Why are we so obsessed with the term ‘Millennial’?
What exactly does it mean? And why is everyone inside and outside of this group so dismissive of the term? Businesses must find a way to refer to their colleagues as individuals, or they’ll start to lose out when recruiting talent.
Nobody knows what ‘Millennial’ means, really
Everyone has a different idea of what a Millennial is. Even the experts. Just this morning, I’ve read five – FIVE – separate articles which all have differing opinions of when Millennials were born. A Millennial is defined as ‘a person reaching young adulthood in the early 21st century.’ Is ‘young adulthood’ age 14? Is it 18? Is it 21? Is the ‘early 21st century’ 2001, or 2010? One source stated that the ‘start date’ of the Millennial generation is 1980. One said 1982. One source thinks the birth bracket extends to 1995, some say 2004. So, if you’re aged 12-36, you could be a Millennial.
Unbox the generations
Engagement and loyalty are earned by focusing on your employees’ experience, rather than targeting an outcome. By saying “Millennials want XYZ to become engaged at work” employers often just focus on the outcome of engagement without considering the journey individual employees take to get there. Inside any HR publication, you’ll find plenty of material on how to engage “five generations in the workforce” and, to a certain extent, rightly so. Of course your 55-year-old colleagues are going to be more focused on retirement than your teenagers. However, a lot of employers stumble when they gear their communications, benefits and engagement schemes towards these “groups” of people. Yet, most of us know someone who had their first child at 16, and others who had their first at 41. We know people who bought their first house at age 19, and those who are renting well into retirement.
This diversity is still prevalent within group we call the “Millennials”. Unfortunately, the current stereotype not only serves to tar all your 16-36-year-olds with the same brush, it also alienates employees outside of this age bracket from the benefits and interests normally attributed to the younger generation.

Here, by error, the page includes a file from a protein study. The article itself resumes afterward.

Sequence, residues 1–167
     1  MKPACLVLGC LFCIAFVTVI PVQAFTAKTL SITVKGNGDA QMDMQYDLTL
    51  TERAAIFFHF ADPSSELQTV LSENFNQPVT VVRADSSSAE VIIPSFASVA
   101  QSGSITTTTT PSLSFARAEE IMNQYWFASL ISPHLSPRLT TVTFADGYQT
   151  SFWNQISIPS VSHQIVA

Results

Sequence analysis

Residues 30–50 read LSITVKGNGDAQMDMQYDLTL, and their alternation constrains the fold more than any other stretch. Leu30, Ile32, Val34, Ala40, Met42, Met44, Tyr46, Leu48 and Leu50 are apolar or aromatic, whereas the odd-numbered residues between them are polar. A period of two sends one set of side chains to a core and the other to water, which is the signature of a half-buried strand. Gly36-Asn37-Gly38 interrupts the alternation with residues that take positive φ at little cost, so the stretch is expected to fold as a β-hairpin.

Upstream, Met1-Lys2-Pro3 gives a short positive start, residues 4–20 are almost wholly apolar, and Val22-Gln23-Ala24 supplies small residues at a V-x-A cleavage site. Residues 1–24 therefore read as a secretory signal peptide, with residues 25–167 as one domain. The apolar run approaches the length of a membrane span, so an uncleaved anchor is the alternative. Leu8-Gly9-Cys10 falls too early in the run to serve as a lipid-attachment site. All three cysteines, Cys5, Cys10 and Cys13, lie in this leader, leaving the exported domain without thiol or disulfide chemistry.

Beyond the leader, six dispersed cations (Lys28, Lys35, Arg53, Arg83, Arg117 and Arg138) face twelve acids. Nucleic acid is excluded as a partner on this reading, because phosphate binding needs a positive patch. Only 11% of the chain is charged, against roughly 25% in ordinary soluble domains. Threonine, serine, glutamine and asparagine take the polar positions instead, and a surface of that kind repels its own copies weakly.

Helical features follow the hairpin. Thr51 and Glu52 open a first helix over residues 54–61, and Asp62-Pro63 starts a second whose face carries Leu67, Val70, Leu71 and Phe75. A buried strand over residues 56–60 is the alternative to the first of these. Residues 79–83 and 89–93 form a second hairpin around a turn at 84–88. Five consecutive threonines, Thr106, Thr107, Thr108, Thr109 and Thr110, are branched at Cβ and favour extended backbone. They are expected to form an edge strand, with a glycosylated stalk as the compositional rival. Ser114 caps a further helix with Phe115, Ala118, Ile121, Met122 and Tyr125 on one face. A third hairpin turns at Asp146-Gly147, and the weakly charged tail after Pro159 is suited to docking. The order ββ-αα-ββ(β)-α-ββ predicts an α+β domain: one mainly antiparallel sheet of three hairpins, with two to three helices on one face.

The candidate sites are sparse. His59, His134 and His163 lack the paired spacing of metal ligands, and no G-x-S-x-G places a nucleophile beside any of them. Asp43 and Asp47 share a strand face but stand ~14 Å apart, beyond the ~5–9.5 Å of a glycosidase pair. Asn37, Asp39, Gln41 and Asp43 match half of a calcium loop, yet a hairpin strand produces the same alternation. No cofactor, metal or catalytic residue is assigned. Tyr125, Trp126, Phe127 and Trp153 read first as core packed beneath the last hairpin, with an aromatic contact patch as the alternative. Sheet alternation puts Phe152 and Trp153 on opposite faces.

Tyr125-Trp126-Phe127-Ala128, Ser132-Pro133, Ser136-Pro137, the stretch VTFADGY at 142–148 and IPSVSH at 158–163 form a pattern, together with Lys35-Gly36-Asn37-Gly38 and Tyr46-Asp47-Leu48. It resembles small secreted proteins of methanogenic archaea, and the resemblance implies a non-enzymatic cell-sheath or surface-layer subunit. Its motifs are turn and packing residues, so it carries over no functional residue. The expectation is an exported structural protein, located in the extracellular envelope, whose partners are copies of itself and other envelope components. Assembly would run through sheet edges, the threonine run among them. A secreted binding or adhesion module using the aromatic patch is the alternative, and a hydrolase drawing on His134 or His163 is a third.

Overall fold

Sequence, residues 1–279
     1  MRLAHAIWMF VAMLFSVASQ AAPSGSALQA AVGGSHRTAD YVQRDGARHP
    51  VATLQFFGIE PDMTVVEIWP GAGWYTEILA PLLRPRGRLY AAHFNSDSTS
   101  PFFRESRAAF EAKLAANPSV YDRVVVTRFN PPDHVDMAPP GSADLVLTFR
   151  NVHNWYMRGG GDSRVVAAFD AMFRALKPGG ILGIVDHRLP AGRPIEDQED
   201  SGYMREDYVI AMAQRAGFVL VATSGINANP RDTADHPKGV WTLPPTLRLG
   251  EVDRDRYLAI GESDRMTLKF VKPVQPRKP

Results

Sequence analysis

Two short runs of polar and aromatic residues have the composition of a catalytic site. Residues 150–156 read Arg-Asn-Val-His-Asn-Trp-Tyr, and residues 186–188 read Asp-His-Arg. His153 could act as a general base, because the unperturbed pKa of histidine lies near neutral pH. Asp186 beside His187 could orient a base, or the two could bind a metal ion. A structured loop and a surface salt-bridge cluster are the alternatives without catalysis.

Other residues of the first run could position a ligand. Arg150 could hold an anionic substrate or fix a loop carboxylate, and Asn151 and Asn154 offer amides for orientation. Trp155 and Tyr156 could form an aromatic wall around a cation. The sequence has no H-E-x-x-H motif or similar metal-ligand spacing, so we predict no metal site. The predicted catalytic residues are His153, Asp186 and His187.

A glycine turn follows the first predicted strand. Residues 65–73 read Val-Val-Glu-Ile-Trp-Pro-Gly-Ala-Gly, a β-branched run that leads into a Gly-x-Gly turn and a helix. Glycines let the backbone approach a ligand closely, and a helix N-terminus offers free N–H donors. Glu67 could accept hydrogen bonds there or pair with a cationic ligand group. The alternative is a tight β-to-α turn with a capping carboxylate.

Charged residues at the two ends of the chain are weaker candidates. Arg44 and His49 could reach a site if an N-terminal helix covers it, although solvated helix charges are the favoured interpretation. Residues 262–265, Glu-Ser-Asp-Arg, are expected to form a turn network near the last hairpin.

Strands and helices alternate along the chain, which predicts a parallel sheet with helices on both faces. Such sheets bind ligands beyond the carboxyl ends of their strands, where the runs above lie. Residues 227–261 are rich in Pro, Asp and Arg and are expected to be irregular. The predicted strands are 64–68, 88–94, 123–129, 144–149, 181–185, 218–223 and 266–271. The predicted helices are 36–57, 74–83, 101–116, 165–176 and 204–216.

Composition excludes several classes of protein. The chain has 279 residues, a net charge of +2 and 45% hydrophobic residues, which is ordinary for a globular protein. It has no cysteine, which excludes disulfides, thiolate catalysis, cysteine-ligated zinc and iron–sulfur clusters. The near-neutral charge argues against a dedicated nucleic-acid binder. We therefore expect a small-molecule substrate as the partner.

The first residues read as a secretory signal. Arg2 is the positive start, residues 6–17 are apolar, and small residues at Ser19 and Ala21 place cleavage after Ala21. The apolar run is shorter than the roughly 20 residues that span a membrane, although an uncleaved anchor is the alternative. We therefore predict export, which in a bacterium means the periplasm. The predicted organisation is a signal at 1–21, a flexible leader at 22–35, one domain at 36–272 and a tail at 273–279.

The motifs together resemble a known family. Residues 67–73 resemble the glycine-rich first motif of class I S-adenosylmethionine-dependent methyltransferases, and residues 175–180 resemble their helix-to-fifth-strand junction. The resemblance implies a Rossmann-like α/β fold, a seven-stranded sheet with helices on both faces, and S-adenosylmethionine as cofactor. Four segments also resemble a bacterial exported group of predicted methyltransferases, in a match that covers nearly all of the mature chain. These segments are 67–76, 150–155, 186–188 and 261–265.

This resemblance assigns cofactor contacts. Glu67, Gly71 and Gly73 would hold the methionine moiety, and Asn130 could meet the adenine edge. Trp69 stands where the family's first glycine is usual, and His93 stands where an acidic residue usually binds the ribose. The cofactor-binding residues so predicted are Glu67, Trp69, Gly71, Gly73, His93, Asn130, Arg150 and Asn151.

Target behaviour not age
How do we go about targeting the individual? Amazon seems to have the answer. It looks at your buying behaviour, not your age. In retail and entertainment, there’s plenty of overlap between people of all ages (my 60-something-year-old parents love The Inbetweeners, my 28-year-old friend has a thing for decorative plates – seriously), and plenty of variety inside each ‘generation’. Even within our team here, you can see the variety in what Amazon had recommended to each of us; the youngest of us being 24, the eldest 35, all at differing life stages, all so-called Millennials (Star Wars was a common theme, though):
It doesn’t take a huge leap of faith to link Amazon buying habits to benefits take-up. Some benefits – e.g. healthcare – will be universally relevant. Aside from a handful, most benefits are relatable by interest and circumstance, not necessarily by age. For example, Life Insurance becomes more relevant when you have children, which we know could be age 16 or 45. It doesn’t mean so-called Millennials do or don’t want it.
Capturing the right data
Well, why don’t we take our lead from Amazon? When it comes to employees, we’re really good at asking for: Name; Date of Birth; Level of Education; Address. This doesn’t really tell us a lot about what they want from us outside of our own assumptions, peppered with unconscious biases. Our partners at Nudge Global are great at capturing usable data from employees; when you sign up to their Financial Education service, they ask you in-depth questions around where you are financially, what your financial goals are within the next five or ten years, and how much you expect to realistically save based on your income, interests and lifestyle. Your benefits technology needs to do the same, and measure the spending/uptake patterns of the individual from there, so that their benefits platform evolves with them.
We’re probably preaching to the choir when we say that all your employees need to be treated as individuals. However, if you have a browse of Twitter and search #EmployeeEngagement, you’ll probably find articles along the lines of “3 perks you never knew Millennials would want”, “Managing Millennials in the workplace”, and plenty of other rhetoric about how to “cope” with this group of people (who make up half the UK workforce). To make an actual, viable step towards a great experience for all your employees, your technology, benefits and communications all need to be tailored – based on intelligent and relevant data – towards the person, not their age.
In a modern world, in a gig-economy and fast-evolving modern workplace where employee transience is easy, where loyalty is earned and never guaranteed, it is easy to gear a lot of modern workplace trends solely towards your younger generation and assume that everyone is adapting to “Millennial” thinking. While it’s true that the workplace needs to be on top of, and mirror, modern trends, this needs to be considered as the norm for all your employees, not just a way of engaging one broad group of people. The term, often used rather dismissively and accompanied by an eyeroll, seems to be somewhat out of kilter with the importance we place around this group. Many of you will be ‘Millennials’ like me, and be frustrated with the usage.
Now, time to buy a beanbag and artisan coffee while I check out today’s Snapchat filters…